The number one cause of oil pan replacement is stripped drain plug threads. This happens when the drain plug is overtightened, causing the threads to be stripped  from the oil pan. Without proper threads, the drain plug cannot seal up tight.

This is most common on aluminum oil pans, though stamped steel oil pans can also be damaged. In most cases, the first try at repairing stripped threads would be to try an over-sized drain plug, but this generally isn’t a permanent repair. Another way to fix stripped threads is to install a “time-sert” repair, which basically involves enlarging and re-threading the existing drain plug hole, and then threading in a special spacer that is sized for the OE drain plug. This can be a permanent repair, especially on aluminum oil pans, but in many cases, the cost can come pretty close to a pan replacement. 

The second most common cause of oil pan replacement is road debris puncturing the oil pan, as the oil pan is usually the lowest point of the engine. Aluminum pans can crack or shatter, while steel pans tend to bend. A bent oil pan can obstruct the internal oil pickup tube. Steel pans can also rust, which can eventually lead to leaks or weak spots, also requiring replacement.


  • How can I tell if my oil pan is leaking?

Usually, the best way is to keep an eye out for oil spots where you park your vehicle. If there are oil spots, inspecting the top and front of the engine should be done first, as any oil leak will tend to coat the bottom and back. If there are leaks above the oil pan, they should be addressed first, and then the engine should be cleaned and re-inspected. To confirm an oil pan leak, the vehicle usually needs to be lifted.

  • How long should an oil pan gasket last?

A decent expectation, on average, might be ten years or 100,000 miles. There’s a lot of variety, of course, and a minor oil seep that’s not forming drips doesn’t necessarily need to be addressed at all.

  • Can I drive with a leaking oil pan gasket?

It depends on how much it’s leaking. If drips are forming, those can blow back onto the exhaust system and cause a fire, so it could be a bad idea to drive for a long time. If an oil pan has a seepage that’s not affecting the oil level or coating any other components, that can be dangerous to drive with. 

  • Can I replace my own oil pan gasket?

In most cases, probably not. Many vehicles require special cradles to support the engine, which can only be done on a lift. There are a few that are relatively easy, but even those are much harder to do properly without having the vehicle up on a lift.

  • What else should be looked at when replacing the oil pan gasket?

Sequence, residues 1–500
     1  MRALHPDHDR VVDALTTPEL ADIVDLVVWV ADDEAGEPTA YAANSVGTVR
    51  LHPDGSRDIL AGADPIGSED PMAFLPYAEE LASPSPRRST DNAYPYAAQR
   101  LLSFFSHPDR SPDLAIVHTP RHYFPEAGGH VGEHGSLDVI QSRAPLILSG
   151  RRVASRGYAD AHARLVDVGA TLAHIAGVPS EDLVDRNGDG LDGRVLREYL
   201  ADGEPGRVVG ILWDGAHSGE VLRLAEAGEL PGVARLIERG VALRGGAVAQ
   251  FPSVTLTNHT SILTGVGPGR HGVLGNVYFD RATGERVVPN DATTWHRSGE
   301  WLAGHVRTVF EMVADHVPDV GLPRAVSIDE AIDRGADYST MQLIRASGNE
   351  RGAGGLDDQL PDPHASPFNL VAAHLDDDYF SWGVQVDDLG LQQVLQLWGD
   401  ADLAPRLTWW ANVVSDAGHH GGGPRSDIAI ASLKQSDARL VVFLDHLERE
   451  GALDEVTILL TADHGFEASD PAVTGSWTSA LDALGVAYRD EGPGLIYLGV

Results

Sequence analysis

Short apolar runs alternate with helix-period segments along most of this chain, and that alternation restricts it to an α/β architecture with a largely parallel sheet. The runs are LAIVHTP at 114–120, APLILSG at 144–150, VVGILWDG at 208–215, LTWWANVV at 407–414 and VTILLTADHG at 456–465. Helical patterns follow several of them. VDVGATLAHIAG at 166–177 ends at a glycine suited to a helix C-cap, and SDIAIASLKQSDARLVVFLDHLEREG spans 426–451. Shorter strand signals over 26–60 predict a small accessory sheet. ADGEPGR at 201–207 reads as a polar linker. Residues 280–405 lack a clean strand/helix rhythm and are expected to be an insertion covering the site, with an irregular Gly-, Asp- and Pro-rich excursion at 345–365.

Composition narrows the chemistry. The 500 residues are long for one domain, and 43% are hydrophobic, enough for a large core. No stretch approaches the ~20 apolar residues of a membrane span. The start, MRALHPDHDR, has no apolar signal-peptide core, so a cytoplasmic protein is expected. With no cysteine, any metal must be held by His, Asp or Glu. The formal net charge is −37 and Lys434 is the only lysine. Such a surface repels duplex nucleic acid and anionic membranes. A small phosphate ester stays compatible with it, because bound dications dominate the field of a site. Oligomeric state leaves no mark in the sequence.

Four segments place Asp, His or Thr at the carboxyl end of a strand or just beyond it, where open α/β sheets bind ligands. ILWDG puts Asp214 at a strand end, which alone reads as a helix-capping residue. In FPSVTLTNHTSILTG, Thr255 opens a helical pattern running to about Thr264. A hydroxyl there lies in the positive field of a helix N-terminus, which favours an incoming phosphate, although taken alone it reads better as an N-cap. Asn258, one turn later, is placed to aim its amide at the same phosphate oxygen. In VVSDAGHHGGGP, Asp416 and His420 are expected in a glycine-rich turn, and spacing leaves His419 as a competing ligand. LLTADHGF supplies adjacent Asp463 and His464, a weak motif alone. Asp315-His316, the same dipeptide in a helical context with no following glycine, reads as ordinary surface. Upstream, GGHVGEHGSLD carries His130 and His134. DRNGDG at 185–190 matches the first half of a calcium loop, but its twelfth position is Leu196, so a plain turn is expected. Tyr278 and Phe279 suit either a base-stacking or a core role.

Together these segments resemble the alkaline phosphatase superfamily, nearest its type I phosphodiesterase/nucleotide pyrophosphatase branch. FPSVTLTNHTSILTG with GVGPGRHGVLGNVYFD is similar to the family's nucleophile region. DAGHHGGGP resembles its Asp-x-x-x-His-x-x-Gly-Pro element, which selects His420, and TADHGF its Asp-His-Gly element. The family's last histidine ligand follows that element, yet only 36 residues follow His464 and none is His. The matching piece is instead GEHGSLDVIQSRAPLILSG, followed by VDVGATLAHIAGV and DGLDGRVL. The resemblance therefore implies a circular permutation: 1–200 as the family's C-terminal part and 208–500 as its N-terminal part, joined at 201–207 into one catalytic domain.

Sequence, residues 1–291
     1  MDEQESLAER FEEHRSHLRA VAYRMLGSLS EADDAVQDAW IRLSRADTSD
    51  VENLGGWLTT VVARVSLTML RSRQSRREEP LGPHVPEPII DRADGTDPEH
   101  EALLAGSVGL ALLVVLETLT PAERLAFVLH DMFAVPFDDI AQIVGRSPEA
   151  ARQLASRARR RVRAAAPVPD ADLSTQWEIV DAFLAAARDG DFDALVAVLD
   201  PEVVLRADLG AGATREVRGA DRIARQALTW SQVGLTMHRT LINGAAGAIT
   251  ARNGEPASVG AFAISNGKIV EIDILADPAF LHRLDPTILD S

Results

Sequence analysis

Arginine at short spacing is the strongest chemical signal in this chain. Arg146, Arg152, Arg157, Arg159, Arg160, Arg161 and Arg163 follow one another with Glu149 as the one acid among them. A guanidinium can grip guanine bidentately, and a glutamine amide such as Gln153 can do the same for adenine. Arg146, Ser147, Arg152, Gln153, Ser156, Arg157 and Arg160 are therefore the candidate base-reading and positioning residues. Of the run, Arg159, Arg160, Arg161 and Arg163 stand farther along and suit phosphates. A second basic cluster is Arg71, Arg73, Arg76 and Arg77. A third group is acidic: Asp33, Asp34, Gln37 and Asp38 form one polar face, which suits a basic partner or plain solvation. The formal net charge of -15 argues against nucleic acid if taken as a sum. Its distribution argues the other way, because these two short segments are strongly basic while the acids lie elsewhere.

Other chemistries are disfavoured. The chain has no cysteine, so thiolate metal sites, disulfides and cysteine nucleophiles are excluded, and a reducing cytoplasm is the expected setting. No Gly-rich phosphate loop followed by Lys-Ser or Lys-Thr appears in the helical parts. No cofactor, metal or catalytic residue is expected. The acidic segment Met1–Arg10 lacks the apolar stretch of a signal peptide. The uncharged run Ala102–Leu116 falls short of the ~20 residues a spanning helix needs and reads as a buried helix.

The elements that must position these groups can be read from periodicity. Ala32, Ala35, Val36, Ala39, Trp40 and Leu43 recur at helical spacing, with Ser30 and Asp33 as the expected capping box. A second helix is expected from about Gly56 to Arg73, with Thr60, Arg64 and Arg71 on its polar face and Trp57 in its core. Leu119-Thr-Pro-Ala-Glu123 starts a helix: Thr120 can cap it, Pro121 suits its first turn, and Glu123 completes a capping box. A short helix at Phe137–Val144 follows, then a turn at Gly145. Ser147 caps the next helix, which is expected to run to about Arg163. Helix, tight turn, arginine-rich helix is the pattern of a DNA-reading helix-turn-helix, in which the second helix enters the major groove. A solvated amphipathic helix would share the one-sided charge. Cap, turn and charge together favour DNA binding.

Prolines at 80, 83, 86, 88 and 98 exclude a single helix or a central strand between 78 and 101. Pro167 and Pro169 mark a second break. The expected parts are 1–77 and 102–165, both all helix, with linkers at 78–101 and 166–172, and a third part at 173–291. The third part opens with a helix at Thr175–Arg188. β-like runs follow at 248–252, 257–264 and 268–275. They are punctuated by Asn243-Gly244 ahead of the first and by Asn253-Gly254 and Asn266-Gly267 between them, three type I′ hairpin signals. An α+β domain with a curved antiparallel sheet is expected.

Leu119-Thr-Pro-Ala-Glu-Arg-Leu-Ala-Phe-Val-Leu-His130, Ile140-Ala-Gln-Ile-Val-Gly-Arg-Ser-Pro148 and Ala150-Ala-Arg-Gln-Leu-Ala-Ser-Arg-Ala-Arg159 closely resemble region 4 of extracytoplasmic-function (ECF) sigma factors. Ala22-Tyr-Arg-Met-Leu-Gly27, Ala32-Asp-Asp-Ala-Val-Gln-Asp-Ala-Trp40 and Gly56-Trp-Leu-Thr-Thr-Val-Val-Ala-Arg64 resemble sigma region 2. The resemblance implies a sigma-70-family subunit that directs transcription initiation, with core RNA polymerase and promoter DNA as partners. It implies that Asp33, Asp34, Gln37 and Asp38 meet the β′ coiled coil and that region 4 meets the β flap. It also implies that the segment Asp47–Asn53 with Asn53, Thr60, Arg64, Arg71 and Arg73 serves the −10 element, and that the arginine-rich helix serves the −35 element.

As the oil pan will be off, the threads on the drain plug should be inspected. If they appear worn or damaged at all, it would save time and money to replace the pan at that time.

  • Do I need to change the oil when replacing the oil pan gasket?

It’s not absolutely necessary, but saving old oil to re-use generally isn’t done; there’s just to much opportunity to introduce contamination that could damage the engine. When the new oil is installed, the oil filter is usually replaced, so you can start from scratch on your oil change schedule.

2 thoughts on “Oil Pan Gasket Replacement Cost: How to Save Money”

  1. Omg you’re a typical scumbag mechanic. Most cars will take no longer than an hour to remove and put back on! And $100 an hour for labour? What do u think you are? A brain surgeon! Gtf out of here u wanker!

    • It may be different in other countries, but it’s worth saying – in the US the mechanic typically has nothing to do with pricing. The amount of time charged for a job is almost universally based on “book time”, which is established by the vehicle manufacturers, or by Mitchell or Alldata. All of them do studies and test cases based on average techs doing actual repairs on actual vehicles. Any specific repair is likely to take more or less time, but on average it’s not a bad system. If a job pays an hour and takes a half hour, the customer is still charged an hour. If a job pays an hour and takes two hours, the customer is still charged an hour. What an oil pan job actually pays varies widely, but that’s out of any mechanic’s hands.

      As far as the labor rate, that’s also very much out of the mechanic’s hands unless at an owner/operator shop. In the US those are definitely less common than large corporate chains or dealerships. Where I work our labor rate is $171 an hour now. The mechanics have no say in the matter, and their portion at the end of the day is relatively small.